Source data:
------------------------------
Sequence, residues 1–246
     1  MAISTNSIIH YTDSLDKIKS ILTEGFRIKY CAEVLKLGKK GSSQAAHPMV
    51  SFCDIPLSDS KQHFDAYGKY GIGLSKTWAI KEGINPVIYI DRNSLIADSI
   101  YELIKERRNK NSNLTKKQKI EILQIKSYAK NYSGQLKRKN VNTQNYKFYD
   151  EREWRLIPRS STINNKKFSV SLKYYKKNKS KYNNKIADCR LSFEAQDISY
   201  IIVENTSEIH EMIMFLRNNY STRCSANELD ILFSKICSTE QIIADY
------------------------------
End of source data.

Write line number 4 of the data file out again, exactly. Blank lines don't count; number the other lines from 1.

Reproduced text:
   101  YELIKERRNK NSNLTKKQKI EILQIKSYAK NYSGQLKRKN VNTQNYKFYD